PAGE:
- Put your best foot forward – If you commit to excellence in your work and stay positive and optimistic about your future, then you’ll find you have more opportunities than you might have ever imagined.
- Be proactive – That dream job of yours is simply not going to fall into your lap. You need to scope out opportunities for advancement and be willing to make that move. Make sure you are always striving for excellence, regularly making that ask, and shining bright like a diamond.
The road to the C-suite will be paved with potential for growth. If you work hard, keep an eye out for opportunities, and stay positive and proactive, there’s no telling how far you’ll go.
“The higher payments for basic services like office visits are expected to help roughly 300 clinics stay financially viable, said Carmela Castellano-Garcia, chief executive officer of the California Primary Care Association, which advocates for community clinics. Community clinics primarily cater to Medi-Cal recipients and uninsured Californians.”
For most of us, achieving our dreams will not be reached through hard work alone. We all start at different stations in life, and for those who may come from more challenging circumstances, solid guidance from established leaders can make all the difference in the world.
We see it in boardrooms and c-suites across industries: Women and people of color are grossly underrepresented. According to research, women hold under 25% of senior executive titles in the United States, and there are just 4 Black CEOs in the Fortune 500. We never had a Latina Fortune 500 CEO until last year. How can we, as leaders, help even the field?
In my experience, I’ve found that people in positions of power can be a part of the solution by mentoring young people of diverse backgrounds looking to positively impact the community.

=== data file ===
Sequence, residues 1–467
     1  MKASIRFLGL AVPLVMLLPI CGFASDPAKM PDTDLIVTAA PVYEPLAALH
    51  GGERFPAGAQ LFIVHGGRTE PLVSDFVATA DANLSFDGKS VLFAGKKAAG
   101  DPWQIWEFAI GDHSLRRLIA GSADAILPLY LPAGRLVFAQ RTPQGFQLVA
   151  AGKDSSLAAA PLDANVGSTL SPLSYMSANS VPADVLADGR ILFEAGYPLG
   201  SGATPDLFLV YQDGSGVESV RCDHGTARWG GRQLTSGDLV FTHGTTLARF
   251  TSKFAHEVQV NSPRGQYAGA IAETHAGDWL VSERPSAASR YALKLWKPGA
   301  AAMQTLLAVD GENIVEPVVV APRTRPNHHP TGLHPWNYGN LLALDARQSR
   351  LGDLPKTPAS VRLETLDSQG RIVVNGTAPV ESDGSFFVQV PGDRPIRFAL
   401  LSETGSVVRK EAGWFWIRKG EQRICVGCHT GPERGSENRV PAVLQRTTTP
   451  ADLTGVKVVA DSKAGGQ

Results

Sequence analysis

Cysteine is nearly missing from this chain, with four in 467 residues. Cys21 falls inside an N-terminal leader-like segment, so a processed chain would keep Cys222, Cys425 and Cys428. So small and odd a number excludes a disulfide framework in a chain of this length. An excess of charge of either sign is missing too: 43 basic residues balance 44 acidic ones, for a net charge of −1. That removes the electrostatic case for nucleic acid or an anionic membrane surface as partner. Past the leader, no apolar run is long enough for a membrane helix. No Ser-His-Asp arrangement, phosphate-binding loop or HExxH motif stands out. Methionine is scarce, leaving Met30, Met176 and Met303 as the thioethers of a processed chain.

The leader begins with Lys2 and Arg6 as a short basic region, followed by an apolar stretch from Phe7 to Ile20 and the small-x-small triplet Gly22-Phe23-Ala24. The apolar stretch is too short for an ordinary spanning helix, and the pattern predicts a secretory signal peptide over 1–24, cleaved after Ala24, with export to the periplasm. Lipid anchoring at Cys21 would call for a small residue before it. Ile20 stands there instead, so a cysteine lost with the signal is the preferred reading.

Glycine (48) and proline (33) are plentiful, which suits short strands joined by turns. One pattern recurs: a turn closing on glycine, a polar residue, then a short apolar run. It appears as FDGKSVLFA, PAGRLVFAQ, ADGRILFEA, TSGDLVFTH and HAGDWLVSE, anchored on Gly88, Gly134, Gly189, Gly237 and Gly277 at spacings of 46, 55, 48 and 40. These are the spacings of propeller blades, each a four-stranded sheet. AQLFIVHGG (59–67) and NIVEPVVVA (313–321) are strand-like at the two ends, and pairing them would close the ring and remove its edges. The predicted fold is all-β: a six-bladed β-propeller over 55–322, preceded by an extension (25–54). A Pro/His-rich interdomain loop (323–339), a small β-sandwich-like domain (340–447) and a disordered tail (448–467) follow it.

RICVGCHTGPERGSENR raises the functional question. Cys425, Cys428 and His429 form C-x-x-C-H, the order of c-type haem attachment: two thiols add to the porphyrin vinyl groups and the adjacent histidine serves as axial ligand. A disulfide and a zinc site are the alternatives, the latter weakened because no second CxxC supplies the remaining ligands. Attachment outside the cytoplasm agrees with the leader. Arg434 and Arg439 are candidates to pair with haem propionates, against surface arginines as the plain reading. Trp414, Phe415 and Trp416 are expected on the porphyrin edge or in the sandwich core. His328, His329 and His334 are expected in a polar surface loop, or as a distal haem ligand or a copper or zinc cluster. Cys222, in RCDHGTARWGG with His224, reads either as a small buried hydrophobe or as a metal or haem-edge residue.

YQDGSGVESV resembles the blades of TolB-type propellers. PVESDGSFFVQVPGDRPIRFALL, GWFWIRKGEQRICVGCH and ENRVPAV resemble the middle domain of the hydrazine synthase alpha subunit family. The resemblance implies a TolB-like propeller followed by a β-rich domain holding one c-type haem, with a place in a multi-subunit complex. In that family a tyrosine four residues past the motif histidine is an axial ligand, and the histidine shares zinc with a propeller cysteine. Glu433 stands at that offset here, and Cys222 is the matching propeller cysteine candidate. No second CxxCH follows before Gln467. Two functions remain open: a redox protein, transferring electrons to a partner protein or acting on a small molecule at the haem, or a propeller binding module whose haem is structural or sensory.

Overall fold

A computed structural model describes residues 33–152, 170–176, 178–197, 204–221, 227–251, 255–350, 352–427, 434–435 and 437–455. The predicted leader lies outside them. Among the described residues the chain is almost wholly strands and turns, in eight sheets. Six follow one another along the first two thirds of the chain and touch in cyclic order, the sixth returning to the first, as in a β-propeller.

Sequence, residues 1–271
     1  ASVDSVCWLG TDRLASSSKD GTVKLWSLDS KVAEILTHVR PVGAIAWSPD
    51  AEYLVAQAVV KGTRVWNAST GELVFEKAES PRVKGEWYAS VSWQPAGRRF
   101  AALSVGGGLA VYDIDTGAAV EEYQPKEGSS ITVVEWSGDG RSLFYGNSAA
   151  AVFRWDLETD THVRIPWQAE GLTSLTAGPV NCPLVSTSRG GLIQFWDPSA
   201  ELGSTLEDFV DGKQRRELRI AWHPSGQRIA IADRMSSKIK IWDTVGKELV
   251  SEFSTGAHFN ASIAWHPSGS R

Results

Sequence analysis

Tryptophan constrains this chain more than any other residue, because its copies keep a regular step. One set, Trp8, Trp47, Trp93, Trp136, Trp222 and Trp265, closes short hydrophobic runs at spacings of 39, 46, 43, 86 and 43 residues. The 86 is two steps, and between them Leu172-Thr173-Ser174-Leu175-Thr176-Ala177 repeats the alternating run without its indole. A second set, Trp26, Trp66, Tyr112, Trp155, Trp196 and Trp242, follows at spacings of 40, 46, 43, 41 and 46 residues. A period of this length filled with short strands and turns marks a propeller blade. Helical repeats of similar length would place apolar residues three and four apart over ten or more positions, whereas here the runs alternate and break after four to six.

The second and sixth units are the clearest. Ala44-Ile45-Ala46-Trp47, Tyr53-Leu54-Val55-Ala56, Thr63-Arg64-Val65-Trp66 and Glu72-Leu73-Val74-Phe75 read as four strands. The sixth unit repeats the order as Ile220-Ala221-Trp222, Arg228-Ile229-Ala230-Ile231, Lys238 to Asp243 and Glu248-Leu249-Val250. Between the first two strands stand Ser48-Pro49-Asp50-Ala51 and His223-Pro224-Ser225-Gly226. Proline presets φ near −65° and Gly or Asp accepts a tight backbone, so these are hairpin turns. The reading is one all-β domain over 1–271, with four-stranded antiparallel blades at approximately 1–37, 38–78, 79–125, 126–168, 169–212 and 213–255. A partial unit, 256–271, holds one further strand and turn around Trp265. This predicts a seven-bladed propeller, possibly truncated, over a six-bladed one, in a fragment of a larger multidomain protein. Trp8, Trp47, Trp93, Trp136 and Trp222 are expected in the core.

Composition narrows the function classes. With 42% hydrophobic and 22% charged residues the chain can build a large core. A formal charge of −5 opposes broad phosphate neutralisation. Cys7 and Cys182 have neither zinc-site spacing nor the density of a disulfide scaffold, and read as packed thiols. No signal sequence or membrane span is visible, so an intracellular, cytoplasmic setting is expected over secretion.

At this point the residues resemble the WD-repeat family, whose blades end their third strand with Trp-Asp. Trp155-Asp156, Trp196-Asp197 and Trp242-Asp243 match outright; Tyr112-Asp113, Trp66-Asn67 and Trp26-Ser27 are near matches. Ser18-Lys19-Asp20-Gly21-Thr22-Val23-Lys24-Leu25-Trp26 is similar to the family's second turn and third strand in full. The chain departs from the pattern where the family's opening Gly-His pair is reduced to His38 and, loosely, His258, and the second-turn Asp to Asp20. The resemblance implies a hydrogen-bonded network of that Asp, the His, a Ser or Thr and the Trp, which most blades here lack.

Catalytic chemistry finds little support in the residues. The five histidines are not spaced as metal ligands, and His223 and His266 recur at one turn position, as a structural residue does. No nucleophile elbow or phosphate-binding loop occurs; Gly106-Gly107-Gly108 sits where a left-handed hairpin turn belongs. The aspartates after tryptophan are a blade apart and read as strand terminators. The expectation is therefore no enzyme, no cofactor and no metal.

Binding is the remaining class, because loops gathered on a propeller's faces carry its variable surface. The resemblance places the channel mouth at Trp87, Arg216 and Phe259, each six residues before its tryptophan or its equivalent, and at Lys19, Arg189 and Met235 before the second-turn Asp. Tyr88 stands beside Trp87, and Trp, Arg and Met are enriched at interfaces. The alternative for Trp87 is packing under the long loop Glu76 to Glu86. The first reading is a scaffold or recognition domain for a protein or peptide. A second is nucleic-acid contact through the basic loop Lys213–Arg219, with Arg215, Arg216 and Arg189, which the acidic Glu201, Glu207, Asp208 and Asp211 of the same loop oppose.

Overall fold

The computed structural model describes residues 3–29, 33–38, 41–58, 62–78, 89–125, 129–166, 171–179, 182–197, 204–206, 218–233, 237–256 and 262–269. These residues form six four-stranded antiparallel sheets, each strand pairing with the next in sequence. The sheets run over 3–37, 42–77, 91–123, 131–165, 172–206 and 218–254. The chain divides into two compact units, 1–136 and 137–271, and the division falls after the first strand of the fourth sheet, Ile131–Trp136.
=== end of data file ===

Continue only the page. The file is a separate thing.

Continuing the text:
Without a mentor, young women and people of color often do not see themselves in the faces of the existing leadership in their fields. Implicit biases affect everyone, and surely result in communities and industries missing out on some remarkable young people that are otherwise poised to be future leaders. Often, all they need is a little bit of guidance, a leader who believes in them, and a clear vision on how to achieve their goals and make it to the next level.
Mentorship from an established leader can change a promising young person’s trajectory. It is a vote of confidence that will not only affect how the young person views him- or herself, but others in the community or profession will take note as well.
A mentor can also help open previously locked doors for promising young leaders. We all have varying degrees of privilege, and if established leadership wants to help achieve community equity, we can use our positions to expedite the cause.
I know countless leaders who want to help foster equity in the community, but they’re not sure how to go about doing that. We can all help foster change and equity–as well as the trajectory of a young person’s life–by mentoring young people who may not have had all the same opportunities growing up.